The obligation to be product, something that people can pick up and understand, with a touchstone or shibboleth that allows me to be easily positioned in their existing worldview, well, yes, that is the challenge for me, on two levels.    The first clallenge is one of simplifying, because marketing is essentially the act of oversimplification — Lezlie doubts that I will ever seem simple & easy to others, even if I am appealing — and the second is challenge is that of getting over my own damn self, so I can just get out there and do it.

A few have noted that until I can get somewhere where I don’t have to spend so much energy hiding & concealing I won’t find peace.   It’s like having a nice manicure; if you just get to work on that over time, it becomes easy and integrated, but if you have to have a nice manicure tonight, no manicure tomorrow, and a nice manicure the next night, well, the manicure just isn’t going to happen.   A slapdash coat of nail varnish just stops being enough, so you let it go.

In the long run, it is our story, and I know that.  Whatever I don’t do in real life, I keep writing, and for the last year or so, write in a place where people can read it for their own reasons, searching for insight or looking for touchstones.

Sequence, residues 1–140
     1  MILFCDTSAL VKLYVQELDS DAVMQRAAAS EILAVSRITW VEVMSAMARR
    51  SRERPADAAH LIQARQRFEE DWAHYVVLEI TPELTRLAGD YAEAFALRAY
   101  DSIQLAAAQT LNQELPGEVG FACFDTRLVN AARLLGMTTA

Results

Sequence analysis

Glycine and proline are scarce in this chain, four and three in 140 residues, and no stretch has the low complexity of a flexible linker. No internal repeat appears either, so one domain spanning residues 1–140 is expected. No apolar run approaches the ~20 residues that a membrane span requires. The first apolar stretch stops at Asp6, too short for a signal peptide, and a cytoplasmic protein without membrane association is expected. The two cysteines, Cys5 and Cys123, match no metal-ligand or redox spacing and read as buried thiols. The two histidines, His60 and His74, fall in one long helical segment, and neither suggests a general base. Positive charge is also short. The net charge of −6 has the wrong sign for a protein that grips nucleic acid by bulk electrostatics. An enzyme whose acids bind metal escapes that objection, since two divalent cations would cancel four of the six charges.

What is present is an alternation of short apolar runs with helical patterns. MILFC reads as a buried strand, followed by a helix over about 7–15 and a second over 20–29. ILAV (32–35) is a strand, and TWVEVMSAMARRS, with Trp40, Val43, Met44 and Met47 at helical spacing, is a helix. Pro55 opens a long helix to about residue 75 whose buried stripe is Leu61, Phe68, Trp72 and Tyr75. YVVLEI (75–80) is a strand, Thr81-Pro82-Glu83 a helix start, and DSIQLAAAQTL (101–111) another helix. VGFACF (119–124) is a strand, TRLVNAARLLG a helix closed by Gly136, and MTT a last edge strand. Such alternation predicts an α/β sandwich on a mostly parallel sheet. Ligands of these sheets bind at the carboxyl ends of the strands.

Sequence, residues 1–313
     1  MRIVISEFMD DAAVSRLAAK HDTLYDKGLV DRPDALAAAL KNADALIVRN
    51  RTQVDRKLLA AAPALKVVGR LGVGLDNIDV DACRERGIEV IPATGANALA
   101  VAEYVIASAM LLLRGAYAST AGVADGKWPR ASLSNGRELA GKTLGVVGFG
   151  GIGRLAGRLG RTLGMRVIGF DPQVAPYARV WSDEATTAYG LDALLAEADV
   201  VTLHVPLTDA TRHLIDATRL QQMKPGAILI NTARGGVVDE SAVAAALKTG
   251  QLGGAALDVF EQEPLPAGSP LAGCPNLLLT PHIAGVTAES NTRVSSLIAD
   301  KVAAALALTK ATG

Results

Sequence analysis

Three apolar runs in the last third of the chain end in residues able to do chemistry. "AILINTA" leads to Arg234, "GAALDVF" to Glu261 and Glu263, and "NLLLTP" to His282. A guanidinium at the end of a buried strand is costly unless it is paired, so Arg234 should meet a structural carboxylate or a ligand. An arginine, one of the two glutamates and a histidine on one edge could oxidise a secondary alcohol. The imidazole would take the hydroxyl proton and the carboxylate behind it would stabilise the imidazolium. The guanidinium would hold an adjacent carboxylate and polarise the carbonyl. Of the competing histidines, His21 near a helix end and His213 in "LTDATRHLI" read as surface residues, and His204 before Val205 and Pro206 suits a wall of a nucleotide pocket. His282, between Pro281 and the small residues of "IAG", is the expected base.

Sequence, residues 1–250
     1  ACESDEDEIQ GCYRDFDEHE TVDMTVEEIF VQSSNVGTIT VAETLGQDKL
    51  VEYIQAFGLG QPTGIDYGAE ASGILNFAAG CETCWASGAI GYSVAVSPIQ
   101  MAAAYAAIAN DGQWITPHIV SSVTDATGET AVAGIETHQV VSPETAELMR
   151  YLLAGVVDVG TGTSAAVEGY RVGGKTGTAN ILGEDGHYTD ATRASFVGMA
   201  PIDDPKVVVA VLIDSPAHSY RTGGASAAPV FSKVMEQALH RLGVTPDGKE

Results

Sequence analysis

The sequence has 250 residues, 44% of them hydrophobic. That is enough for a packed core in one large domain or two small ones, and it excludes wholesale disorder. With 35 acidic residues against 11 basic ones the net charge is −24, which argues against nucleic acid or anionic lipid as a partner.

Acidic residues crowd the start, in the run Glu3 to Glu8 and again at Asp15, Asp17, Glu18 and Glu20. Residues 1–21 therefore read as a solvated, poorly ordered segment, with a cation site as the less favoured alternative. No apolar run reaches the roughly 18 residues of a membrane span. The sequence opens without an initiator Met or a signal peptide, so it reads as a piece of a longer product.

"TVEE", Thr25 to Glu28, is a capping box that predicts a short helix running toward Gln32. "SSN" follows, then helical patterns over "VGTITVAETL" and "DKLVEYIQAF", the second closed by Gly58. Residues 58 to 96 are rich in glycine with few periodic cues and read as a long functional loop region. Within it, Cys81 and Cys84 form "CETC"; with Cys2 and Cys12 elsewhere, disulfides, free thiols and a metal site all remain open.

But it is also my story, and it may well be the last thing I have my personal pride in, the last thing I invest with value.  From the moment we are born, our flesh starts to die and our story starts to grow, and when we are gone from this world, our story is the only thing we will leave.

My story, our story, story.  Such a romantic notion that someday, if you see & hear & understand yourself enough, someone else will see & hear & understand you. 

But is there any other romantic notion worth fighting so hard for?


I’m good enough, I’m smart enough, and doggone it, people like me.

I’m good enough, I’m smart enough, and doggone it, people like me.

I’m good enough, I’m smart enough, and doggone it, people like me.

I’m good enough, I’m smart enough, and doggone it, people like me.

I’m good enough, I’m smart enough, and doggone it, people like me.

I’m good enough, I’m smart enough, and doggone it, people like me.

I’m good enough, I’m smart enough, and doggone it, people like me.

I’m good enough, I’m smart enough, and doggone it, people like me.

I’m good enough, I’m smart enough, and doggone it, people like me.

I’m good enough, I’m smart enough, and doggone it, people like me.

I’m good enough, I’m smart enough, and doggone it, people like me.

I’m good enough, I’m smart enough, and doggone it, people like me.

I’m good enough, I’m smart enough, and doggone it, people like me.

I’m good enough, I’m smart enough, and doggone it, people like me.

(How many times do you have to do these affirmations until they work?)